Gelo to open the 36th Fantasporto
by Vitor Pinto
- The Lesson by Ruth Platt, My Night Your Day by András Gyorgy Dési and Gábor Máray, and The Open by Marc Lahore are among the European titles at the gathering
The 36th Fantasporto – Porto International Film Festival officially kicks off on 26 February with the world premiere of Portuguese production Gelo by Luís and Gonçalo Galvão Teles. This year’s edition has programmed around 200 titles from 40 countries and will unspool until 6 March.
Produced by Fado Filmes and co-produced by Spain's Potenza Producciones, with support from Eurimages, Gelo [+see also:
film profile] stars 22-year-old Spanish actress Ivana Baquero (Pan’s Labyrinth [+see also:
film profile]) along with a Portuguese cast including Afonso Pimentel, Albano Jerónimo, Ivo Canelas, Inês Castel-Branco, Carlos Santos, João Jesus and Beatriz Leonardo.
“It has been a while since we wanted to make a film together. As happens in the plot of the film, sometimes it is not us who choose the films, but the films that choose us,” said co-director Gonçalo Galvão Teles. “Gelo is a film that goes beyond reality and the imagination. It dives into another world in which time, life, love and death orchestrate humanity. It is also a long-time dream to direct it alongside my son,” stated 75-year-old Luís Galvão Teles, who, as a producer, has another film – Luís Filipe Rocha’s Cinzento e Negro [+see also:
film profile] – in stock for release this year.
Out of the 67 countries that submitted films, 40 have been lucky enough to be selected, with a special emphasis being placed on productions from South America, where, according to festival director Mário Dorminsky, “one can find the new names of cinema”. But European talent can also be found among the various sections of the festival, including Ruth Platt’s The Lesson (UK), My Night Your Day by András Gyorgy Dési and Gábor Máray (Hungary), The Open by Marc Lahore (France/Belgium/UK), Blind Sun [+see also:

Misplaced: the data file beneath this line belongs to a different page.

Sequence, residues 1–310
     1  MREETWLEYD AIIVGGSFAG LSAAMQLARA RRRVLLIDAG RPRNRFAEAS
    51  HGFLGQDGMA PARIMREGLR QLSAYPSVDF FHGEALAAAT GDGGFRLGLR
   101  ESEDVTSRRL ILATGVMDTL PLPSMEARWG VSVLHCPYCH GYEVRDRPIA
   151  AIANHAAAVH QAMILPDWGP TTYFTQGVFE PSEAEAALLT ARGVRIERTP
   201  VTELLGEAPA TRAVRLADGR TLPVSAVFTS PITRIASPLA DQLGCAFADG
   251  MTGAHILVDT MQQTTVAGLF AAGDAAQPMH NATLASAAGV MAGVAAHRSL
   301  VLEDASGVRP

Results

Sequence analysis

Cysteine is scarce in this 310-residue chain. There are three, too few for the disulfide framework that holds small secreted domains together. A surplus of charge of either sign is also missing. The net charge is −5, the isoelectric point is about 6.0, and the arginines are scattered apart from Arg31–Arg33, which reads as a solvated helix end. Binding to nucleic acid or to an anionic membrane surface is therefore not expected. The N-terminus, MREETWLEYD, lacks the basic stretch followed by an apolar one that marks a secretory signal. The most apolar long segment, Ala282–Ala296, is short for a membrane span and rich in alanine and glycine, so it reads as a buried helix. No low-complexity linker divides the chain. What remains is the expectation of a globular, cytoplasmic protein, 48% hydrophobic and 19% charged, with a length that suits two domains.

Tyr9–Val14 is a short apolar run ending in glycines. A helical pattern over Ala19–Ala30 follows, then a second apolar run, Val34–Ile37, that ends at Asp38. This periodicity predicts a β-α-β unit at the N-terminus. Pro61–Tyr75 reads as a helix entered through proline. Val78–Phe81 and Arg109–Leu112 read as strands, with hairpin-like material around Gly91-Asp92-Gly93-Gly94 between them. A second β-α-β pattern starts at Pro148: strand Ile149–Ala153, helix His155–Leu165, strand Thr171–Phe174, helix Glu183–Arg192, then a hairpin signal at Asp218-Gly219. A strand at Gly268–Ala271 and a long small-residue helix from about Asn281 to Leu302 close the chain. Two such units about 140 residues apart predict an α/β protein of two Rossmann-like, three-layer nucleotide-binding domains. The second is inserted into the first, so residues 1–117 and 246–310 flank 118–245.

film profile] by Joyce A Nashawati (France, Greece) and The Unfolding by Eugene McGing (UK).
Besides the opening film, Portuguese production is represented by a series of shorts directed by local film schools, thus opening the door for new talents.
The Pre-Fantas – a sort of introduction to the official gathering – already got going on 22 February with the screening of Dust, the first of four films in a retrospective dedicated to the work of Macedonian-born director Milcho Manchevski. It also falls to Manchevski to wrap up the festival, with the screening of his Oscar-nominated 1994 film Before the Rain.
Having recently been embroiled in a financial case involving its board of directors, Fantasporto’s reputation has been somewhat shaken. Nevertheless, the festival remains a highly anticipated event in Portugal’s film-festival agenda. Furthermore, its director, Dorminsky, suffered a stroke and was taken to hospital yesterday, where he seems to be recovering… but the show must go on. The organisers have also launched a statement in which they expressed a hope that the gathering’s historical founder would be able to attend the festival before it draws to a close on 6 March.